Jason Lebeau, pastry chef at Coohills: "I mean, who doesn't like chocolate?"
This is part one of my chat with Jason Lebeau, pastry chef at Coohills; part two of my interview with Lebeau will run tomorrow.
I came from the era of one-pot wonders," says Jason Lebeau, who grew up in Maryland in the '70s, when Betty Crocker cookbooks doubled as culinary bibles, Julia Child was dropping chickens on TV, and pineapple ambrosia was the dessert du jour. Lebeau wasn't particularly interested in those diversions, although he was enthralled with "wanting my hands in bloody red meat," he remembers. There was something about steak and burgers that "fascinated" him.
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But in junior high school, when he first started playing around with recipes, it wasn't a steak or a burger that inspired him; it was the apples that dangled in the nearby orchards. He grabbed a bushel, made an apple pie that he entered in the state fair and waltzed away with a third-place ribbon. "I was pretty stoked about that, and the girls at school totally dug it -- they couldn't believe I could bake a pie," says Lebeau, who today is the pastry chef at Coohills.
Lebeau attended culinary school at Baltimore International Culinary College, graduating with a pastry and baking degree in 1987, and while he had aspirations of being a baseball star and a rock-and-roller -- he played in a band for years -- he's spent the majority of his career baking bread and burying his hands in chocolate, meringue and sugar.
He landed his first gig as the "cookie bastard" at the JW Marriott in Washington, D.C. "I was green, a grunt and wet behind the ears, so I spent all my time baking cookies, especially tons of elephant and donkey cookies for George Bush Sr.'s inauguration," he remembers. "And that's when I realized that, shit, this is a lot of work. But I liked it and I was hungry and wanted to learn, so I put all my energy into those cookies."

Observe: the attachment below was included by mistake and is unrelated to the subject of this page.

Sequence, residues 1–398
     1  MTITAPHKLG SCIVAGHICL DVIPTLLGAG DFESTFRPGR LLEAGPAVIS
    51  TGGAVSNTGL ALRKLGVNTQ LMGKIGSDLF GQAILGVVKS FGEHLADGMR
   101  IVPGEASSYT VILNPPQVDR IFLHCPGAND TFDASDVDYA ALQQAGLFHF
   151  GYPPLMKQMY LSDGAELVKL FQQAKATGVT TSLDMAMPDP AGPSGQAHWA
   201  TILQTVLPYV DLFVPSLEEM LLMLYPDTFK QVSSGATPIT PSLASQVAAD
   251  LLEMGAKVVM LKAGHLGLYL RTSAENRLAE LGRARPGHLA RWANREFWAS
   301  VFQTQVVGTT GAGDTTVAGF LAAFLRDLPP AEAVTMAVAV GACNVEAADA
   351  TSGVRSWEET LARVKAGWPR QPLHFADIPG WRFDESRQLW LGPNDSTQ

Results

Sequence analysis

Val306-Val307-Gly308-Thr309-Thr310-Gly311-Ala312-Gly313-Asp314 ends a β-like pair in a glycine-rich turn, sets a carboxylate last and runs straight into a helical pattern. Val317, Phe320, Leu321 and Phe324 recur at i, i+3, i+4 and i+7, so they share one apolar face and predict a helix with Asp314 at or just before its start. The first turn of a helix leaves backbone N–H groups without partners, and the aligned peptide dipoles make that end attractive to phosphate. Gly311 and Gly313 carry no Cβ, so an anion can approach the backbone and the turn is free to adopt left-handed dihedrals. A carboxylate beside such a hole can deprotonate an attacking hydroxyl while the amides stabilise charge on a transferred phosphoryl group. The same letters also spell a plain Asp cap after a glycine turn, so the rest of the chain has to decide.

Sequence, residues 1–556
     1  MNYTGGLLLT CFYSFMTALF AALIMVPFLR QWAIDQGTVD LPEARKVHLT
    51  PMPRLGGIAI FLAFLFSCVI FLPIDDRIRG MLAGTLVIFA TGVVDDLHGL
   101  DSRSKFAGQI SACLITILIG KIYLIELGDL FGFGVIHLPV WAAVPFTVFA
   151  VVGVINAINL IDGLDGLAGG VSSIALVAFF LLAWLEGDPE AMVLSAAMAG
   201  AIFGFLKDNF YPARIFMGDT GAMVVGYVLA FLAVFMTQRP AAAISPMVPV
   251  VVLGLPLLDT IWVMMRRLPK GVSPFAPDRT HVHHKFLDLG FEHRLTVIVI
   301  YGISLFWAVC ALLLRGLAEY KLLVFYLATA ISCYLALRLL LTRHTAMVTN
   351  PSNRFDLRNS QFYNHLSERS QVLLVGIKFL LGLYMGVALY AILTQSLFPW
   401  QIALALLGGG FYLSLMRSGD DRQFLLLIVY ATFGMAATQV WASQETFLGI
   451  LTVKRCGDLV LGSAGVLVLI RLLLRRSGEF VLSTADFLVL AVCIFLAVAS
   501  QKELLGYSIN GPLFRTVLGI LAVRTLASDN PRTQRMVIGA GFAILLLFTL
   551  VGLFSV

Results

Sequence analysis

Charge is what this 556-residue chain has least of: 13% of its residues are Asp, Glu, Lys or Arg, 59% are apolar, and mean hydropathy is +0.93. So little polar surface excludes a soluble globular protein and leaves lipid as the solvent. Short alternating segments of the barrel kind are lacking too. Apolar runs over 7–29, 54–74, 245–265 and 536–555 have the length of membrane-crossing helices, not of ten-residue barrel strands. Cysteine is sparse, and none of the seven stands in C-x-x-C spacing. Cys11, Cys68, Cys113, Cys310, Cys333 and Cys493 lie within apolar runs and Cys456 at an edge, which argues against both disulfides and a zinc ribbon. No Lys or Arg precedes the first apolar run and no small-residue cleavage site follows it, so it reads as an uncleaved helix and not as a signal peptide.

And then an opportunity to move to Los Angeles convinced him that there might be life after chocolate chips and snickerdoodles -- and, with any luck, his rock-and-roll band might allow him to retire with millions. No such luck. "Luckily, I had the brains and sense to know that the band thing might not work out -- it didn't -- but I knew I had a degree and some good experience and could always find a job in pastry," he says.
The pastry part worked out, and Lebeau spent five years in L.A. doing pastry stints at Universal Studios and the Hotel Bellaire, creating desserts for major Hollywood film stars, before an earthquake rattled his crust. "After the Northridge earthquake, I said, 'Screw it, I'm out of here,' and my girlfriend -- now my wife -- wanted to move to Colorado, and that was fine with me, because I don't have any problem dealing with four feet of snow," he quips.